Dec 142017
 
Resource Guage for Microsoft Windows, with C source code.
File RSGAGE.ZIP from The Programmer’s Corner in
Category Windows 3.X Files
Resource Guage for Microsoft Windows, with C source code.
File Name File Size Zip Size Zip Type
MAKEFILE 1007 365 deflated
RESGAUGE.C 29745 5534 deflated
RESGAUGE.DEF 1151 554 deflated
RESGAUGE.EXE 9184 4773 deflated
RESGAUGE.H 1144 360 deflated
RESGAUGE.ICO 766 184 deflated
RESGAUGE.RC 2445 818 deflated
RESGAUGE.WRI 7040 2986 deflated

Download File RSGAGE.ZIP Here

Contents of the RESGAUGE.WRI file


13666667ResGauge v1.1
Richard Franklin Albury
851 SW 120th Way
Davie, Florida 33325
CIS: 76477,534


What is ResGauge?
ResGauge is a simple, nonintrusive little utility which monitors free system resources in Windows 3.0 and 3.1. ResGauge started off as a simple utility about nine months ago. I'd read some questions in the Windows forums on CompuServe about how to determine free system resources, I'd come across some information on the actual undocumented call used to do this, and I cobbled together a crude little utility in a few hours and uploaded it. Some people actually downloaded it and used it, and based on their suggestions, I took my crude little utility and smoothed some of the rough edges.

What are free system resources anyway?
However much I may like some things about Windows - even though I started off on a Macintosh and I contract for IBM on OS/2 development - it annoys the heck out of me that a system capable (in theory) of managing 64 MB of memory - 16 MB actual, 48 MB virtual - is held in check by two little 64 KB chunks of memory. Windows is essentially made up of three dynamic link libraries: the system module, the GDI (Graphics Device Interface) module, and the User (interface) module. The GDI and User DLLs each have a local heap, an area of memory in which they allocate memory for their own use. Since a local heap can't exceed 64 KB, each DLL is limited in the amount of memory it can allocate for its own use, giving rise to the notion of free system resources, usually expressed as the percentage of a DLL's local heap currently free. The number you see in the About Program Manager... dialog is the smaller of these two percentages, and this number will change as programs load and free menus, icons, and other interface resources. Not surprisingly, Program Manager is one of the worst offenders in exhausting free system resources: every time you open a group window, Program Manager loads the program icons but it doesn't free them when the window is subsequently closed. This won't be the case for Windows 3.1, I believe.

What's the catch?
Version 1.1, like version 1.0 before it, is distributed with the source and this document, and all I ask is that the package remain together. I placed the initial version in the public domain, but this time I will ask for some compensation, sort of. Being an election year, and given that things don't seem to be getting much better - especially the environment! - I'm going to ask that if you use this utility and decide to keep it, you're obligated to get out and vote. I'm not going to let you off as lightly as it may appear, however: you're also going to have to give some careful thought to whom and what you vote for. 🙂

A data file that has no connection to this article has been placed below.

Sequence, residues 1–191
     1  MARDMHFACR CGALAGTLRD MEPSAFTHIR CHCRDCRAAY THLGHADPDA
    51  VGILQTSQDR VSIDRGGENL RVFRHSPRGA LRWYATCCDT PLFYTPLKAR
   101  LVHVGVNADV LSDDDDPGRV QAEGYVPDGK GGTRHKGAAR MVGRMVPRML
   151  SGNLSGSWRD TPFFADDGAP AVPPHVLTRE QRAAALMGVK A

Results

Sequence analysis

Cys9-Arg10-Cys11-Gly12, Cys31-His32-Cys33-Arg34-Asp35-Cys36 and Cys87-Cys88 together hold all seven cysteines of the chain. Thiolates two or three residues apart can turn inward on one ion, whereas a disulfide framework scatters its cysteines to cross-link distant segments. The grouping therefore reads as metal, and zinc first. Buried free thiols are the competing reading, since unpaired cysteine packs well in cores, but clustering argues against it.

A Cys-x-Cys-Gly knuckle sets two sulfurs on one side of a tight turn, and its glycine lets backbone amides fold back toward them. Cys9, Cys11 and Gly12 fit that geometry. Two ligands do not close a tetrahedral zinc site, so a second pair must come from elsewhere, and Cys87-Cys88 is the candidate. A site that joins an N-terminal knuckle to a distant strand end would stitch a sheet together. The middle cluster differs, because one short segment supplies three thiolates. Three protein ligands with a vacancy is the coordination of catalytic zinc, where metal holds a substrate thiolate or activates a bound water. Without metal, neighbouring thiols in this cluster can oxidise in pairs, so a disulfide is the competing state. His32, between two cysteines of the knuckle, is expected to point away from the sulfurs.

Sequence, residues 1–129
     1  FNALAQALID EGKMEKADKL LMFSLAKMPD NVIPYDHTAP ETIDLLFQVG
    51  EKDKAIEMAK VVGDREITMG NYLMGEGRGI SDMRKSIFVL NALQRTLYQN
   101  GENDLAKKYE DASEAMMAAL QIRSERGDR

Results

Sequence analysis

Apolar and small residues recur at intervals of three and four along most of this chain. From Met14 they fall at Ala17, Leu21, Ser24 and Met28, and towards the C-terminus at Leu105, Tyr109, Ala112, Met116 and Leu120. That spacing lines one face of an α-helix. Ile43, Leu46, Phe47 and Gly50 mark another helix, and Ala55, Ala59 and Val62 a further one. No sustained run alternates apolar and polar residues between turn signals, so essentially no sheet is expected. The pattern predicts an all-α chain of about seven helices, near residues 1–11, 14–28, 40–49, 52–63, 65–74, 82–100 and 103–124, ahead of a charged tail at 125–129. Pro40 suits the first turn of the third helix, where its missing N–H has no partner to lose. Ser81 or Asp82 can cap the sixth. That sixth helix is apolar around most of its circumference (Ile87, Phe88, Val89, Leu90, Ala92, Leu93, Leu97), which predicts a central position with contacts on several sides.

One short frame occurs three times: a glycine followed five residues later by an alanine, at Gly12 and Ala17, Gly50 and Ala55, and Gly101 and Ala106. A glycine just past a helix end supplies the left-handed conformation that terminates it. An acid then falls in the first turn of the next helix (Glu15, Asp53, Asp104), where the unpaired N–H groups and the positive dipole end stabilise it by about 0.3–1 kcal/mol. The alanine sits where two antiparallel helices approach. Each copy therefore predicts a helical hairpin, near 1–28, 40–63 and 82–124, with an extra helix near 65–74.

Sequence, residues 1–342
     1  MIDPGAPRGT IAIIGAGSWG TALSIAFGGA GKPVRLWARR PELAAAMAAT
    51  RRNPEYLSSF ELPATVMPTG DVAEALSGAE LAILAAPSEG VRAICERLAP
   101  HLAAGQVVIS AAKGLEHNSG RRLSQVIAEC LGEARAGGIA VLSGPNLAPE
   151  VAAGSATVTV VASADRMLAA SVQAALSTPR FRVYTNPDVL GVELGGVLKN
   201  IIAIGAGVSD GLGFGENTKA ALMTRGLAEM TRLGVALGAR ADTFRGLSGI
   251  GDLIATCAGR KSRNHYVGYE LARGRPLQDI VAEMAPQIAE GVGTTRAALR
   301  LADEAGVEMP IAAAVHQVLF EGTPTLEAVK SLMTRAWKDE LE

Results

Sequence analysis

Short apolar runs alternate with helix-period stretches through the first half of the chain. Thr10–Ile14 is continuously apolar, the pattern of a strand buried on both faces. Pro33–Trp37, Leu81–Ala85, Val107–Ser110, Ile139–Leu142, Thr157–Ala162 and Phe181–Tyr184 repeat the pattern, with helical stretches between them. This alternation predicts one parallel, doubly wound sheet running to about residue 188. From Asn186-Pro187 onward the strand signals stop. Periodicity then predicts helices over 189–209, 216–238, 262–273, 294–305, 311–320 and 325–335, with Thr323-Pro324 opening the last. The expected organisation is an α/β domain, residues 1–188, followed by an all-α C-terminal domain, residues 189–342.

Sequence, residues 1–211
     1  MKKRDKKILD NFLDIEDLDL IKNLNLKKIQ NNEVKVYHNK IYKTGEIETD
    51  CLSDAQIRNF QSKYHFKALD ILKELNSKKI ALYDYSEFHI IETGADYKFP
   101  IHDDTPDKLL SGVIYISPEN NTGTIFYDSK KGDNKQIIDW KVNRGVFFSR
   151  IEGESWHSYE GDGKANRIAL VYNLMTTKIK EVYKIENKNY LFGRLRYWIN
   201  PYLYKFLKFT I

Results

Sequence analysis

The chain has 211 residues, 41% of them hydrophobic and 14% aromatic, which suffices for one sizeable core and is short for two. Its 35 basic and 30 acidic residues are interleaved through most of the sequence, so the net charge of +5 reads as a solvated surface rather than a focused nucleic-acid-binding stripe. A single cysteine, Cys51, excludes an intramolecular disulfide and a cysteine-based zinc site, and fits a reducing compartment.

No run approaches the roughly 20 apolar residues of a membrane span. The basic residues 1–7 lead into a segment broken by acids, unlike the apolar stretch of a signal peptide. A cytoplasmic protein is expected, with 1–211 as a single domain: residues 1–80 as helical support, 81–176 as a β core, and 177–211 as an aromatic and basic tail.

How does it work?
ResGauge only runs as an icon, and only one copy of it can run at a time. To do things any other way didn't make much sense. The system menu has all the irrelevant items removed - Restore, Size, Minimize, and Maximize - and two new items added. The About... item is the usual shameless blurb, but the Configure... item is where ResGauge shows its improvements. The dialog which comes up when you select Configure... allows you to modify ResGauge's operation in some interesting and unique ways.

What are all these settings for?
The Monitor section allows you to specify which of the two local heaps to monitor; you can also monitor both, and the number reported by ResGauge will be the smaller of the two. This is also the number reported by Program Manager, although I have noticed that ResGauge occasionally differs from Program Manager by one.
The Alarm section allows you to set ResGauge to either beep or flash its icon when free system resources drop below the specified level. This is useful if you're more interested in getting work done than staring at my little program, so setting the alarm will give you a chance to save your work when system resources get low. If the beeping or the flashing annoy you, you can also turn this feature off.
The Keep on top option will "float" the ResGauge icon on top of the active window. This allows you to run your programs maximized but still keep an eye on things.
Finally, there are three buttons at the bottom of the Configure... dialog. Save saves all the changes you've made to a private initialization file so that ResGauge will "remember" its settings the next time it runs. Apply lets you continue to run with the changes you've made without saving them, and Cancel undoes any changes you've made.

Who helped you?
I wrote this program by myself. Honestly! I did have some helpful suggestions from the following folks, though:
Anthony W. Rairden for the USER/GDI/Both options and the alarm threshhold idea
Greg Saddler for the Keep on top option

Aren't you done yet?
Almost. I'd like to say in closing that if you have any comments, kudos, complaints, or suggestions, I'd like to hear them. If you have any ideas for any other utilities you'd like to see, I'd love to see them. Finally, I'm moving to the Raleigh (North Carolina) area this summer, so if you know of anybody who needs a decent Windows programmer, I'm available.
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